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Mobility tech VC funding steers toward 6-year low as electric vehicle stocks limp

Venture capital investment in mobility tech—including electric vehicles, self-driving technology, fleet scooters and delivery robots—has plunged after flourishing in the bull market.

Investor appetite for mobility tech—including electric vehicles, self-driving technology, fleet scooters and delivery robots—has plunged after flourishing in the latter years of the bull market.

This year, US-based mobility tech companies have raised $6.1 billion total across 191 deals, according to PitchBook data. That’s a far cry from the $21.6 billion and 422 deals the vertical garnered in 2021. That puts total deal value in the sector on track to be just over 70% off the peak year and its lowest since 2017.

 


VCs have soured on the vertical in large part because the stocks of EV and autonomous driving companies that went public in recent years have performed “miserably,” according to Jonathan Geurkink, a PitchBook senior analyst covering mobility tech.

Truck manufacturer Rivian‘s stock is down more than 83% since its IPO in November 2021. Shares of Nikola, another EV vehicle developer, have lost more than 90% since its SPAC was announced in March 2020.

“All these companies came along in the wake of Tesla’s success, but they are realizing that [building cars] isn’t just like writing an app and putting it up in the cloud,” said Geurkink. “Disrupting the auto industry—it’s not that easy.”

While VC rounds for US-based EV manufacturers have all but disappeared, companies targeting batteries have gained traction. In Q3, EV battery recyclers Redwood Materials and Ascend Elements closed rounds worth $997 million and $460 million, respectively, according to PitchBook data.

“The other big gorilla in the room is China. China spent decades locking up a lot of the key materials and parts of the supply chain for the EV industry,” Geurkink said. “People are looking at the competitive landscape and thinking ‘why would I want to invest in EV manufacturers?’”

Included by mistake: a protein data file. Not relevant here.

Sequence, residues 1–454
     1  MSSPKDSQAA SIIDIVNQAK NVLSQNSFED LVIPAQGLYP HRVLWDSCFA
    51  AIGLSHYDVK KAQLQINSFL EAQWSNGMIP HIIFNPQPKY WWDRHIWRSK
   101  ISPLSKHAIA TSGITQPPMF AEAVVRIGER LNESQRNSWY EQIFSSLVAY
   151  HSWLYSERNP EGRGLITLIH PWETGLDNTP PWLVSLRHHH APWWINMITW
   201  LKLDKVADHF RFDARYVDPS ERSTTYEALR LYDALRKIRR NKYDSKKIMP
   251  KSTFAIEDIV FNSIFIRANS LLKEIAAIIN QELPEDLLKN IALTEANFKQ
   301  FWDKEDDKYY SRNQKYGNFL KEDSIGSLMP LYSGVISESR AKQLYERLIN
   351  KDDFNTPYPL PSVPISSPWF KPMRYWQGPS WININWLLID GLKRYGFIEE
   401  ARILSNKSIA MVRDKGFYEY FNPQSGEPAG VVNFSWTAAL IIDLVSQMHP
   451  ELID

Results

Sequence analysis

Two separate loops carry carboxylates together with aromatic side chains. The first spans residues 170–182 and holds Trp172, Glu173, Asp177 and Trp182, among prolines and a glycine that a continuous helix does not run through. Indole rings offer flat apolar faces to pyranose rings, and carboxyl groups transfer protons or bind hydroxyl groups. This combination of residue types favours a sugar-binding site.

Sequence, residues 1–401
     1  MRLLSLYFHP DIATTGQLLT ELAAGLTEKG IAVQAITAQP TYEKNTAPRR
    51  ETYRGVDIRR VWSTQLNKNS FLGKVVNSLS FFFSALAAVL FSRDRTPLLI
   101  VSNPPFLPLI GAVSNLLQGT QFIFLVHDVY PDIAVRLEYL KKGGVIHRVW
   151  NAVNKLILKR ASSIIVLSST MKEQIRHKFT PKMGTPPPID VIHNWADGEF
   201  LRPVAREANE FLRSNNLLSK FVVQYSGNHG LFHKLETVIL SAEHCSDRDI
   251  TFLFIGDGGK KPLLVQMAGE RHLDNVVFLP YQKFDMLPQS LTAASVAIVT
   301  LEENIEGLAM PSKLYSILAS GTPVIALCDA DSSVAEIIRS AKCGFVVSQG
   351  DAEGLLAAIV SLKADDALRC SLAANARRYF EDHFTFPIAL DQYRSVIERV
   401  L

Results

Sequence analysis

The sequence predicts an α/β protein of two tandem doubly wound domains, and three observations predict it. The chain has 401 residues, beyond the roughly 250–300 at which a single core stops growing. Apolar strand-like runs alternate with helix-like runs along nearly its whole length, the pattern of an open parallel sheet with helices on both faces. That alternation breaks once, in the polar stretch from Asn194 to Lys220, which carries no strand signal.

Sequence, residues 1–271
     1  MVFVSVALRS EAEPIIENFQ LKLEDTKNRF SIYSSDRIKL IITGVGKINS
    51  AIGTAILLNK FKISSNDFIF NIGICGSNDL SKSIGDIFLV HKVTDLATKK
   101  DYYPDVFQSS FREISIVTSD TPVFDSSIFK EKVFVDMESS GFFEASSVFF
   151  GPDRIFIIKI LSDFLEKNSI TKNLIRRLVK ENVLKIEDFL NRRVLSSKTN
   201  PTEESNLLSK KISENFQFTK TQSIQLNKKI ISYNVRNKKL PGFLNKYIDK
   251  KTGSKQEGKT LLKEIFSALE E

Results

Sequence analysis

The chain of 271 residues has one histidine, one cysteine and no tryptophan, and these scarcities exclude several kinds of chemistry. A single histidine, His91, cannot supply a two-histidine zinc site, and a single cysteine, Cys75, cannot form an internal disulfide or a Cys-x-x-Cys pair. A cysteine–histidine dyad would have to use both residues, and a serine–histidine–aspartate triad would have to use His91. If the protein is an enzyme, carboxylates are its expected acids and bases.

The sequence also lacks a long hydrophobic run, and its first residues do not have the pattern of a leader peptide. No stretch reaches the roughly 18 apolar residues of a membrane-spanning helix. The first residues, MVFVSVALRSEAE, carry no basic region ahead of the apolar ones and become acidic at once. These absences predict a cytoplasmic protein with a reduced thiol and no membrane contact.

Companies developing autonomous vehicles and their parts haven’t fared much better. The stock price of autonomous trucking company TuSimple is down nearly 98% since its 2021 IPO. Last year, Volkswagen- and Ford-backed Argo AI shut down after failing to attract new investors in its autonomous driving systems. Argo had previously received $2.6 billion in venture funding.

The industry received a further blow last week when General Motors-owned Cruise announced that it is recalling 950 robotaxis after one collided with a San Francisco pedestrian in October.

While the promise of full-fledged autonomous driving will likely be on ice for years to come, Geurkink believes it’s possible to extract some value from these technologies.

“We’ve had massive investments in this area, and we’re now at the phase of picking it apart and for specific use cases,” he said.

Geurkink pointed to companies like Gatik, an autonomous commercial fleet startup working with Walmart to travel routes between certain stores and distribution centers. In 2022, Gatik raised a $159 million Series C at a valuation of $810 million. The deal was a meaningful step up from its 2021 Series B post-valuation of $307 million.

Featured image of a Ford Argo AI test vehicle by Jeff Kowalsky/Getty Images

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